John Eastman (R)
SACRAMENTO, Calif. (Legal Newsline)-There is little doubt that California attorney general candidate John Eastman is conservatives' favorite, but a leading political analyst said the former law school dean could have serious electoral trouble down the road if he fails to also reach out to Democratic constituencies.
Since the 49-year-old former dean of Chapman University Law School jumped into the race in February to succeed Democrat Jerry Brown as attorney general, Eastman has amassed key endorsements from leading national Republicans, conservative talk-radio personalities and from groups that have a deep-rooted presence in California Republican politics, such as the conservative grassroots California Republican Assembly.
At last week's state GOP Convention, Eastman walked away with the endorsement of the California Congress of Republicans, and just today he announced the nod of the Howard Jarvis Taxpayers Association, whose longtime leader, Jon Coupal, called Eastman a "champion of personal liberty and freedom and a proven crusader for taxpayers."
If that were not enough to cement Eastman's conservative credentials, consider this: former Reagan-era U.S. Attorney General Ed Meese is his campaign's honorary co-chair, he is a leader of the Federalist Society and he clerked for U.S. Supreme Court Justice Clarence Thomas, a reliably conservative voice on the nine-member high court.
"I've established myself as the clear conservative standard bearer in the race by talking about the issues that matter most -- staying tough on crime, fighting for taxpayers and restoring constitutional principles to the law in our state," Eastman said in a fundraising plea today.
But can Eastman's solid conservative bona fides translate into a win come the November general election in the Golden State, where Democrats far outnumber Republicans?
Perhaps more so this year than in years past, said Jack Pitney, a former Republican policy analyst and now a political science professor at Claremont McKenna College outside of Los Angeles.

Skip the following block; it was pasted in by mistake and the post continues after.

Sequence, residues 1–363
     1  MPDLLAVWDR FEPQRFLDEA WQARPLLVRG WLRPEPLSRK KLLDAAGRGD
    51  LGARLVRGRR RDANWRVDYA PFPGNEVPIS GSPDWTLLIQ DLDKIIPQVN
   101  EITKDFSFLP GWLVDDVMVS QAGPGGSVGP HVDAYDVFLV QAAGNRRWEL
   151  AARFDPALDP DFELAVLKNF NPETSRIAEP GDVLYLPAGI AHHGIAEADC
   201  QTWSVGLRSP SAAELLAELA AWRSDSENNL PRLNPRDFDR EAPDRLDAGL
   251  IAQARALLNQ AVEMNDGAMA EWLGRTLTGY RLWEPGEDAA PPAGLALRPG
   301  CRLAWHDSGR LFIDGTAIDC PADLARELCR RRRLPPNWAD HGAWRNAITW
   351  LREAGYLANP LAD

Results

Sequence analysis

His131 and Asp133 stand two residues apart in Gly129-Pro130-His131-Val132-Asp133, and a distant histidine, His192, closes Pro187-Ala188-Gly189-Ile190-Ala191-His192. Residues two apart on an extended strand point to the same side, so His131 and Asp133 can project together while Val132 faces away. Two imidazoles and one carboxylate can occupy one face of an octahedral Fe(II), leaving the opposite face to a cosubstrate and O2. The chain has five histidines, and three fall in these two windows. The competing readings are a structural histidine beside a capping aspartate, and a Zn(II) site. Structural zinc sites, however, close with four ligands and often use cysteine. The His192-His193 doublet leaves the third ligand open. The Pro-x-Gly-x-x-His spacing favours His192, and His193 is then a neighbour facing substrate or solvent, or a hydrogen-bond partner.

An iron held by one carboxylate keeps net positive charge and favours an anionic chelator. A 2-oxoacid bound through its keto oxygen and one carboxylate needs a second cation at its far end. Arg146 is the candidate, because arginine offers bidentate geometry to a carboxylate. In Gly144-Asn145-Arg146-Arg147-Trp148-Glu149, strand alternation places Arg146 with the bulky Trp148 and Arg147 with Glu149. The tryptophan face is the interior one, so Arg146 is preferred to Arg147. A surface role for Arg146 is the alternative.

"It's the kind of support you need in order to win a Republican nomination, just as on the Democratic side you need the support of labor unions," Pitney said of Eastman's conservative ties. "However, it's important for a candidate to move beyond the base: a Democrat can't win just with labor unions' support, and a Republican can't win with just the conservative groups."
Working on behalf of Eastman, Pitney said, is his "judicious" manner. "I think even people who disagree with him regard him as very thoughtful," he said, adding that Eastman does not fit the conservative stereotype of a "fire-breathing ideologue."
Also vying for the Republican GOP nomination is state Sen. Tom Harman of Huntington Beach and Los Angeles County District Attorney Steve Cooley.
There are wider political dynamics working in favor of Republican political hopefuls this year -- it's a midterm election in which President Barack Obama's approval ratings are on a downward trajectory, Pitney said.
"He has as good of a shot as any conservative running statewide in California," Pitney said of Eastman. "There's a reasonable chance for Republican down-ballot candidates in this general election."
Such was not the case in November 2006, Pitney said, pointing out that Gov. Arnold Schwarzenegger and state Insurance Commissioner Steve Poizner's wins at the ballot box four years ago happened under somewhat unique circumstances.
"That was a tough year for Republicans," Pitney recounted. "Schwarzenegger won because he was Schwarzenegger and Poizner won because his opponent was laughably inept, while other Republicans went down."
"This year, Republicans have a much better shot," Pitney added.
From Legal Newsline: Reach staff reporter Chris Rizo at email@example.com.